SPOILER ALERT: Once again, I've gathered today's stories in a stand-alone CBR format, which you can download HERE. I put in some time straightening and brightening the pages, and I think it improves the reading experience.
Don't dig CBRs? Rename the file as an RAR extension, unzip it, and read the pages that way. You'll want to read the stories before you partake of my commentary on them.
That said, let's get this show on the road...
A common factor in many of John Stanley's post-1955 comic book stories is their creator's evident lack of personal enjoyment.
The creation of mainstream comic books is almost entirely not about art. It pays badly, it's often high-pressure work, and until recently, most of its publishers regarded the end results as disposable and fleeting. Like any business, it's built on making bucks. Quality is a surprise by-product. That any memorable or lasting work has appeared in American comic books is a small miracle.
John Stanley was perhaps spoiled by his first and best editor, Oskar Lebeck. Like William Gaines and Al Feldstein of E.C. Comics, Lebeck cared about the quality of his creative team's output. When Stanley lost Lebeck's guiding hand, in the 1950s, he suddenly seemed to enjoy his work much less.
As the 1950s wore on, Stanley's work becomes more mechanical and less spontaneous. Stanley's gritting-of-teeth, in the last two years of Little Lulu, overshadows any moments of genuine inspiration and joy. The stories are still of an overall high quality, but they seem forced. Despite themselves, they continue to entertain and, occasionally, surprise. They have much less wattage than Stanley's work of the 1945-55 period.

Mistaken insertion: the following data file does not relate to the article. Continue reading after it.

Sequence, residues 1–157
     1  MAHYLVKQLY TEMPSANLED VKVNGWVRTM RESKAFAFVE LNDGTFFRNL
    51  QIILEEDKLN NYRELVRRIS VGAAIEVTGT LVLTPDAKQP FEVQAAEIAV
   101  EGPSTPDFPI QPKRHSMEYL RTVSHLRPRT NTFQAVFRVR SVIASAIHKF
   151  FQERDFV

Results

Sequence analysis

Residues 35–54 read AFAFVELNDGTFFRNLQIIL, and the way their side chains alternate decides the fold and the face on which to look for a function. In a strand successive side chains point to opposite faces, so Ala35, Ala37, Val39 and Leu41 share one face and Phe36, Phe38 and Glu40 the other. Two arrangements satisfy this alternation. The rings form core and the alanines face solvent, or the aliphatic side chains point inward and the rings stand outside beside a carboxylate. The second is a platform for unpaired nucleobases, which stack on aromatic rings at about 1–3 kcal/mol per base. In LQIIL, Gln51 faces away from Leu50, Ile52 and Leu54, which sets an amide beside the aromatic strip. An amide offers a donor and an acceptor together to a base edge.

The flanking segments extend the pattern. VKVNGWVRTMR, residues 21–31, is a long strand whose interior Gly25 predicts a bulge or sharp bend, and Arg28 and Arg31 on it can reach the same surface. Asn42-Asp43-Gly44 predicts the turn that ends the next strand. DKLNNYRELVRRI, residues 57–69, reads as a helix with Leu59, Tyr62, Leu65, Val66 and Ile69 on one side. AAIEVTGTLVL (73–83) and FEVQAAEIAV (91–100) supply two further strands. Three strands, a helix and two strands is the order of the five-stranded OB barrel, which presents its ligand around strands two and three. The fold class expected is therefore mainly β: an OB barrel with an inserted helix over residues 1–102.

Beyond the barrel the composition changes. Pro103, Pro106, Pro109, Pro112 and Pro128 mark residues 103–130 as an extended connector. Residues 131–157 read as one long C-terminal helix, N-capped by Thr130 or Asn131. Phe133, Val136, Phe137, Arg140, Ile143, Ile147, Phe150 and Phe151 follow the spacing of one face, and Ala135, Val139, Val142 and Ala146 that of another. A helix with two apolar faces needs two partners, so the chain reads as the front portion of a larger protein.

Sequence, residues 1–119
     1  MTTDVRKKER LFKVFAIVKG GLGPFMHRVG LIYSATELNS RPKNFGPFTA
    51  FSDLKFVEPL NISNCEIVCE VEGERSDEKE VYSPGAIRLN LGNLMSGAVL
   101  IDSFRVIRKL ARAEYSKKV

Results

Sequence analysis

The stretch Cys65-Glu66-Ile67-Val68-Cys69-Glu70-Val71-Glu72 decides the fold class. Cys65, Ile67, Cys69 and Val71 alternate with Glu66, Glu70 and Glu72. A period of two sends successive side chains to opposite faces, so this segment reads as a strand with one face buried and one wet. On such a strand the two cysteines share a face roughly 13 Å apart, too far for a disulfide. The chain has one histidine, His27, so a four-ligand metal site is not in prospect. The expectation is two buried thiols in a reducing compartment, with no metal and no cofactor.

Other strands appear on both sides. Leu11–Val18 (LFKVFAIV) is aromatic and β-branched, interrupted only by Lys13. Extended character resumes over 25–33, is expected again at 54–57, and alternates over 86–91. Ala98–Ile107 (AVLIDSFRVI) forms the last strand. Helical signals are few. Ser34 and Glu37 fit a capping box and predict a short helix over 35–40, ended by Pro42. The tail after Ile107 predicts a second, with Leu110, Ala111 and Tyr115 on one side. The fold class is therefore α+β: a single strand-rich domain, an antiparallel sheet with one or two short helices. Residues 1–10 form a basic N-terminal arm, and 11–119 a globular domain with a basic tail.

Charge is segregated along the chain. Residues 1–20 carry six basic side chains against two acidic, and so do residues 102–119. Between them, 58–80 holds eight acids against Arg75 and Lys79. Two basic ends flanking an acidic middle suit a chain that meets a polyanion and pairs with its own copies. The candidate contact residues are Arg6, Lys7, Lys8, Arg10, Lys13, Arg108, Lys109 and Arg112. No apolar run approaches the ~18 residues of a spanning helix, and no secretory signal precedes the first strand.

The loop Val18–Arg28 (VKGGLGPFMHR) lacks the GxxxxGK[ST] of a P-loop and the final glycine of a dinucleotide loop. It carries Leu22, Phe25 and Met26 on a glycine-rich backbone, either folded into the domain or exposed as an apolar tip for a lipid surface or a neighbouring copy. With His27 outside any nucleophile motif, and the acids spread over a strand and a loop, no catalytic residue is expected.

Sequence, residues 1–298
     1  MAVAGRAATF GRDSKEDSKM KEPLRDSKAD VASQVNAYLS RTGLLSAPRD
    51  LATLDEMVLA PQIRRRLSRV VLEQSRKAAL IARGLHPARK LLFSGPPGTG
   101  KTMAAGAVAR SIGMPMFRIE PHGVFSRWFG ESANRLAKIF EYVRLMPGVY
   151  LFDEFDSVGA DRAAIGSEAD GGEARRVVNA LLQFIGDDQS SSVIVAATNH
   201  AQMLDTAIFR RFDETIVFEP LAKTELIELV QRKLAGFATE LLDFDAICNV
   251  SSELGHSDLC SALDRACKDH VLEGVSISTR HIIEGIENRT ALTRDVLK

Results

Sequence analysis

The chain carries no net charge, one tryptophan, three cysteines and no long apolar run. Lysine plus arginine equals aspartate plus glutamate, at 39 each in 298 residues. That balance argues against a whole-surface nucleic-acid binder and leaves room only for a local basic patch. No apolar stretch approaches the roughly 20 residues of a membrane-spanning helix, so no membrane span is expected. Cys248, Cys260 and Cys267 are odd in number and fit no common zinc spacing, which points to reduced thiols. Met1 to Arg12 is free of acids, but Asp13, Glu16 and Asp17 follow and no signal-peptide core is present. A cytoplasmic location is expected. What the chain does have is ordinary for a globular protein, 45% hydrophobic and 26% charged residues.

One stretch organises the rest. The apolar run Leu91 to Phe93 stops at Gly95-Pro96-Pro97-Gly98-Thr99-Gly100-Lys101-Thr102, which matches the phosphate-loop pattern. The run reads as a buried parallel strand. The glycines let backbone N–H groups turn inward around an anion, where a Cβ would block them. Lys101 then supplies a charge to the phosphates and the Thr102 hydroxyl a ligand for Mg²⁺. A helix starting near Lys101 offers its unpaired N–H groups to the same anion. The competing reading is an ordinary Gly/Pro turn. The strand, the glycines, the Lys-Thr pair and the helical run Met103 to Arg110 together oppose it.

If Stanley felt burned out on Little Lulu in its last couple of years, he made some effort to disguise his ennui. The real fallout of his burnout hit hard in Stanley's oft-joyless tenure on Nancy/Nancy and Sluggo.
Though frequently inspired, Stanley's Nancy work bears the weight of responsibility, and obligation, over the sense that the creator genuinely gets a kick from his work.
As Nancy represented a forced attempt to tread the oh-so-familiar ground of Lulu, it's most impressive when Stanley's anger and frustration elbows its way to the stories' fragile, downcast center-stage. There is energy in Stanley's anger--a vitality that also fuels the much better, more original series Dunc 'n' Loo.
Had the fun gone out of creating comics for John Stanley, as the 1950s ended?
Not entirely. He found his way back in the 1960s, via his two "auteur" series, Melvin Monster and Thirteen Going on Eighteen. An important transitional title was Clyde Crashcup, based on a TV cartoon property.